Personally, I think that titles are a tad silly. That is to say, I’d much prefer that men, women and children who come across me call me by my first name. I don’t need a title. I don’t even expect my children to call me ‘mum’ . (They do, anyway, as a term of endearment, rather than a title).
Only in Asia – where I spent ten years and over half my adult life – do they manage to get my ‘title’ right, anyway. You see, I ceased to be a ‘Miss’ when I ceased to be a teenager and got married. It makes me grit my teeth when people call me ‘miss’. It’s an ugly word, with horrible connotations. If you don’t quite manage to achieve something, you ‘miss’ it. If you’re away from something or someone you love, you ‘miss’ them. If the bus pulls away two seconds before you reach the bus-stop, you ‘miss’ it. ‘Miss’ is all about loss and ‘not-quiteness’.
‘Ms’ is horrendous. To me, it smacks of the 1980s and man-hating women who thought they were liberated and that that liberation could be communicated by their affected use of ‘Ms’ as a prefix to their names. ‘Ms’ is so not for me.
If I am to have a title, I prefer the one that was conferred on me in the East; ‘Madam’. Madam is a great title. It is used by and for women who marry, but continue to use their pre-marriage surname. For example, if a Miss Woo marries a Mr Wong, she is Mrs Wong, but Madam Woo. I like that. Her marital status is conveyed, but she is ‘allowed’ the use of her original surname. Similarily, women who have been divorced are known as ‘Madam’ and whatever their original surname is. A woman with children is always respectfully addressed as ‘Madam’.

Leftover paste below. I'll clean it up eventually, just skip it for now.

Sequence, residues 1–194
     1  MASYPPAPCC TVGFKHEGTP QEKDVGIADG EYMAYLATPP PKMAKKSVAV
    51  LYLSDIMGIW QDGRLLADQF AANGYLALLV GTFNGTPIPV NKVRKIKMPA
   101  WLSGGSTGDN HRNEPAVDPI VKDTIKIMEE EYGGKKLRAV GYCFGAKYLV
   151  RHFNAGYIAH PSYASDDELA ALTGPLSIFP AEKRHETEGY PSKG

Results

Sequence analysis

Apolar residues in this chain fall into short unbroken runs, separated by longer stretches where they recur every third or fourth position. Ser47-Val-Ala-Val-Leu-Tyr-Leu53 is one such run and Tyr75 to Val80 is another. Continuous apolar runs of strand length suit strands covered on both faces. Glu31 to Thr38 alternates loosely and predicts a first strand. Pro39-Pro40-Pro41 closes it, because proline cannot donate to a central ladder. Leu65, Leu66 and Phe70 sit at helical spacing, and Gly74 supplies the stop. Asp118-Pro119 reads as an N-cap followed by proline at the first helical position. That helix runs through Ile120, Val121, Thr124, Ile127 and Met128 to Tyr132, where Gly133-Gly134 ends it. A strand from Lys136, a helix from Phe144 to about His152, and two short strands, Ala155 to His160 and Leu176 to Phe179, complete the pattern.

I like the term, I like what it applies and – as it happens – it applies to me. I liked being Madam Larkin far more than I ever liked being Miss Larkin, Ms Larkin, Missus Larkin, Missus Jay, or Missus Sridhar. The only other title I enjoyed nearly as much was that of ‘Mama Ishthara’ – as I was called by the vegetable man, the newspaper man and various other wallahs in India after my eldest daughter was born.
The fact of it is, though, that in this part of the world, very few people will ever deign to address me as ‘Madam Larkin’ rather than ‘Hazel’. Musing over this with a friend yesterday, she hit upon the perfect solution: I’ll just have to finish my doctorate. Then I can insist upon being – and expect to be – called ‘Dr Larkin’. 🙂
It might be easier just to re-marry, though.